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back to article Study finds water cycle accelerating with warming

Climate models are inaccurate, but not in a comforting way: that’s the conclusion of an ocean salinity study conducted by CSIRO and the Lawrence Livermore National Laboratory, which indicates that changes in the water cycle are running faster than models predicted. Based on the relationship between salinity, evaporation and …

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Anonymous Coward

Salinity provides a good proxy for both rainfall and evaporation,

Herein lies many of the problems of particular areas of science.

Measuring the actual item to be studied is too hard, so we measure something else. While that may be accurate and convenient, it may not be, or it maybe in some areas but not in others - the added indirection makes the science less certain. At least, the data might be certain, but it relates less to what we were trying to study. We end up with lots of interpretation based on very little direct evidence.

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Anonymous Coward

Re: Salinity provides a good proxy for both rainfall and evaporation,

The other issue stems from how the subject is taught to the next generation.

They get taught, to Determine A and B, measure C.

What sometimes gets lost in translation is that the measurement of C is 99.9% accurate for A and only 80% accurate for B, Where you need to measure D, E and F to determine the other factors.

They may be taught the theory, but a lot will ignore it, going for the easy out.

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Re: Salinity provides a good proxy for both rainfall and evaporation,

"We end up with lots of interpretation based on very little direct evidence"

Welcome to experimental physics! I know it seems like "bad science" when scientists rely on proxies, primarily because it can be hard to understand why and how proxies are used, but all of the things we can "see" directly have been observed already, so the newer things we look at have to be viewed indirectly. Ergo proxies, whether that be new particle discoveries, galactic interactions, climate, or something else.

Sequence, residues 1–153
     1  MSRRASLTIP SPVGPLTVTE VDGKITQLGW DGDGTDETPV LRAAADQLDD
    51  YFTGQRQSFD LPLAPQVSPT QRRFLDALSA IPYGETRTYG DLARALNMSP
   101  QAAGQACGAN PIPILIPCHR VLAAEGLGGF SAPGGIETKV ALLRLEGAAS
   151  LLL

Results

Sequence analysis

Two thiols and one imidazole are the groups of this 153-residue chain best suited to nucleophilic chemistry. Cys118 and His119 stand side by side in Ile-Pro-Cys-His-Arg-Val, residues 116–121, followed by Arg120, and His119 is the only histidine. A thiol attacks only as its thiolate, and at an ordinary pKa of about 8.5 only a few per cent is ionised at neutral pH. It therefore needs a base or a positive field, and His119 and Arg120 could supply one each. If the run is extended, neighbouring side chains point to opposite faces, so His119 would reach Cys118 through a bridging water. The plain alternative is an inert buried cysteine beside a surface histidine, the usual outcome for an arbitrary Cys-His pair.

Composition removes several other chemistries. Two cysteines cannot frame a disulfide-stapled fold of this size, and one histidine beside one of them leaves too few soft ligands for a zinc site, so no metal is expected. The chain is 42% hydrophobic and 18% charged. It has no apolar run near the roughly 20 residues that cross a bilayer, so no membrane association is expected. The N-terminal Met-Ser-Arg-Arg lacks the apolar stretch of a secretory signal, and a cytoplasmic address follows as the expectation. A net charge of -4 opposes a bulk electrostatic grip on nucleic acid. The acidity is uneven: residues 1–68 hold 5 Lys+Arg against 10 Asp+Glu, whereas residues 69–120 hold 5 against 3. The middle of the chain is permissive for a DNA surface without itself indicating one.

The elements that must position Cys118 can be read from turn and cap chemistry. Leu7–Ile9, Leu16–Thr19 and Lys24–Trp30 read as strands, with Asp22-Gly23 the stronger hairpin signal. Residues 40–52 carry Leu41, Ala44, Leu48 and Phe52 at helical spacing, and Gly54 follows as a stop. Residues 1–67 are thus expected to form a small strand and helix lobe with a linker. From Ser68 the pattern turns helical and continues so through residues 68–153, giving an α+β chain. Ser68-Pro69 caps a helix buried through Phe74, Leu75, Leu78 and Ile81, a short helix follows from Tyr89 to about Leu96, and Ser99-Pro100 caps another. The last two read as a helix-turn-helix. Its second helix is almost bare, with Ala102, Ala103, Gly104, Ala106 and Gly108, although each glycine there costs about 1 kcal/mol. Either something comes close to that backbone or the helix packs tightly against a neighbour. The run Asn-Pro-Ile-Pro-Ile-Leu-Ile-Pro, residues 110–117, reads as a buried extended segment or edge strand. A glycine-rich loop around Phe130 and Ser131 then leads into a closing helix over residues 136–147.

I find it odd that if ppl who have a political view on climate modelling/change read a story based on proxy measurements they decry them as inaccurate, but then "ooh" and "ahhh" over a new particle discovery which has been discovered by measuring proxies (not referring to the OP, just in general).

Salinity isn't a bad proxy btw - the salts have a tendancy to stay where they are, there's a finite amount of water in the water cycle which has a finite number of states, so measuring the salinity gives you a decent picture of where the water is at any given time.

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Bronze badge

Re: Salinity provides a good proxy for both rainfall and evaporation,

> The other issue stems from how the subject is taught to the next generation.

That's right. Damn kid scientists lack rigor and won't stay off my lawn.

Not like our generation, eh? Igor, fetch me the beaker of phlogiston and a flask of the luminiferous ether. I feel a thunderstorm coming on.

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Facepalm

See icon.

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Silver badge

And of course the water cycle is the planets thermostat. Hotter=more vapour=more cloud carrying heat up to radiate to space = more cold rain falling to cool planet surface and sea and more cloud shielding the earth from the sun.

Completely obliterating the effects of and CO2 change by and large.

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Silver badge
Facepalm

Close, but no cigar